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Will NASA Run Out of Plutonium-238?

Here at NEI, we like to keep an ear to the ground when it comes to what's being discussed on Twitter and make sure to respond if/when folks direct reasonable questions our way.

Earlier this afternoon, Baltimore resident Dan Ewald posed the following question to us via Twitter:
"Y'all doing anything to help with the impending Plutonium-238 problem for @NASA?
Dan very helpfully included a link to a story from Wired describing the problem. To get an answer, I turned to Leslie Barbour of NEI:
We have long supported the DOE program for space exploration in appropriations, especially Cassini. The funding has always been provided by the Office of Nuclear Energy until this year when DOE and NASA agreed that space reactor funding be included in NASA budget. We can look at this again if needed.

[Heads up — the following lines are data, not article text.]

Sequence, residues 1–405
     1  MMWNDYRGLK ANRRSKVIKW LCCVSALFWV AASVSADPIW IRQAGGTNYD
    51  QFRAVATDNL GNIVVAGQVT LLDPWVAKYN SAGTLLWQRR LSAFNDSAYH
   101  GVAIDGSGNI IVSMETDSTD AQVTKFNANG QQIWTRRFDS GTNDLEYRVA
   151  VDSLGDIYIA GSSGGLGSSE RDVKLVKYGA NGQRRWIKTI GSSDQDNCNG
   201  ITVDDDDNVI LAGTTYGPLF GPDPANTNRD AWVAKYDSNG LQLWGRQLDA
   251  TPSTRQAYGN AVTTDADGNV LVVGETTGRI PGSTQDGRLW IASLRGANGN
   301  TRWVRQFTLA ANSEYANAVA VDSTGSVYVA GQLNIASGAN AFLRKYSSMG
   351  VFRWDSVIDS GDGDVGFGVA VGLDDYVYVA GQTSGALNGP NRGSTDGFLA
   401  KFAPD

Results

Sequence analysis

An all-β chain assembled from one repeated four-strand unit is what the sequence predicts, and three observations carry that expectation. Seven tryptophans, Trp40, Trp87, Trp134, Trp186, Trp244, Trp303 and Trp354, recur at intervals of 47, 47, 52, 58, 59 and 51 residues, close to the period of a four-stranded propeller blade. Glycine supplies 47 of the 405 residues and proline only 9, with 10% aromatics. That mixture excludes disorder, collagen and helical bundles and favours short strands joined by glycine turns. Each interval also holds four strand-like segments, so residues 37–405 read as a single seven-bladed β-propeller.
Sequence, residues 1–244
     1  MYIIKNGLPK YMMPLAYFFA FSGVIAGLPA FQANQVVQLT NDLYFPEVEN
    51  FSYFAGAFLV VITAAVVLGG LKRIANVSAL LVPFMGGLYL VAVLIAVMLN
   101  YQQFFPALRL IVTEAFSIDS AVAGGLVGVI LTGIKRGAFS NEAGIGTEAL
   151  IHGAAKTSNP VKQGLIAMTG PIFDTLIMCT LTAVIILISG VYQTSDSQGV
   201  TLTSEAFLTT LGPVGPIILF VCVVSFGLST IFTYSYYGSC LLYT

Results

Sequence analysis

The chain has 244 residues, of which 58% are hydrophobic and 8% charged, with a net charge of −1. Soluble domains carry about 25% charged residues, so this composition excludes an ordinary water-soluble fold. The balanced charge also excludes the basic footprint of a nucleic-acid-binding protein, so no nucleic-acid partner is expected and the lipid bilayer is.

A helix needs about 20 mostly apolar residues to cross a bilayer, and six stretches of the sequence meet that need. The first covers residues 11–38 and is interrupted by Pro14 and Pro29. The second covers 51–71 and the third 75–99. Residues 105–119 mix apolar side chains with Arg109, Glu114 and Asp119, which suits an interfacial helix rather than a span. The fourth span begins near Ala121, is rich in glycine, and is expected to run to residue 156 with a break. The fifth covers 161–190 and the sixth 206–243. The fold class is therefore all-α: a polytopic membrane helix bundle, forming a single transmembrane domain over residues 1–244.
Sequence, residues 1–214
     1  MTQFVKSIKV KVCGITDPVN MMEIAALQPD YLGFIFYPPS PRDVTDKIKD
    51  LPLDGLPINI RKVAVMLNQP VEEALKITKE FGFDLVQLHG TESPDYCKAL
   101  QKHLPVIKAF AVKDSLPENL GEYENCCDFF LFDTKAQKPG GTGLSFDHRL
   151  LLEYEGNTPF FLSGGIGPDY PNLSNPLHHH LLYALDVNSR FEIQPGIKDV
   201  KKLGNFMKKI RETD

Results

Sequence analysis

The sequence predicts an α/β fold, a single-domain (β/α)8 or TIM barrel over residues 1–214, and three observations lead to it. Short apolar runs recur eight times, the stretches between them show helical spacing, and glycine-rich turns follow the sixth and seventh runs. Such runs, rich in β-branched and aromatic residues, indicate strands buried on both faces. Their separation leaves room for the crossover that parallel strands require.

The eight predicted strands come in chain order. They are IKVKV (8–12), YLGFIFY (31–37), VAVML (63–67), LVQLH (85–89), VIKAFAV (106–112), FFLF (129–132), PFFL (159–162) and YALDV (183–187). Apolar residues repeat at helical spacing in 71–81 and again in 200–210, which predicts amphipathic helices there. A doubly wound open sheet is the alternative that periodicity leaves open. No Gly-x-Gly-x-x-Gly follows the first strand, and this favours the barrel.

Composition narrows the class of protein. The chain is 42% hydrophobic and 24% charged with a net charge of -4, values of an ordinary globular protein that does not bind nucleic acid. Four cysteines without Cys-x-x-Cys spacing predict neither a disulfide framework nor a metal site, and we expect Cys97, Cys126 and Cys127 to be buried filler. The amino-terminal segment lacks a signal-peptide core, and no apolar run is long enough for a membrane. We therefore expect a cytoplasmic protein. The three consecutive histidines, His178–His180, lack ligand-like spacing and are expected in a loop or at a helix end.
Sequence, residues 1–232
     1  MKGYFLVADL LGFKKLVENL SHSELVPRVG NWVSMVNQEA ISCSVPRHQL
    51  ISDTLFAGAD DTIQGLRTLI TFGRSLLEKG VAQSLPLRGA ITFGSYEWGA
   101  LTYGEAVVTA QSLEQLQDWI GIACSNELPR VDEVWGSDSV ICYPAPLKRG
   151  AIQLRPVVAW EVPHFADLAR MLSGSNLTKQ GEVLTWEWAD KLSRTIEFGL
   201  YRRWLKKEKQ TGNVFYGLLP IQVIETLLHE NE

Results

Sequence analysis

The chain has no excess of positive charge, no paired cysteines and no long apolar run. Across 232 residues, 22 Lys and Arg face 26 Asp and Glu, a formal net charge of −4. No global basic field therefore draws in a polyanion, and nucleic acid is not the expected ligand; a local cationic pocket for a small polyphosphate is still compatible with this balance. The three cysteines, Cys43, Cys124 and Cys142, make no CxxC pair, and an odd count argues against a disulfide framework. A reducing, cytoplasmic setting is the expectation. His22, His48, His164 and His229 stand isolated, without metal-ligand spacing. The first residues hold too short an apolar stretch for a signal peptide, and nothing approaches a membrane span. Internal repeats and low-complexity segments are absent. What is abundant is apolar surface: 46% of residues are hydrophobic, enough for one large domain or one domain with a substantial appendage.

For more information on how NASA spacecraft utilize radioisotope thermoelectric generators (RTGs) for the power they need, see our website.

Comments

jimwg said…
Might be a good(overdue) time to push work on mini-reactors for probes and manned spacecraft.

James Greenidge
Queens NY
Engineer-Poet said…
The problem with mini-reactors is neutron and gamma radiation, which requires heavy shielding.  Alpha and beta emitters don't give you that problem.

At least beta emitters provide an alternative to Pu-238.  Perhaps RTGs can be re-designed to use Sr-90.

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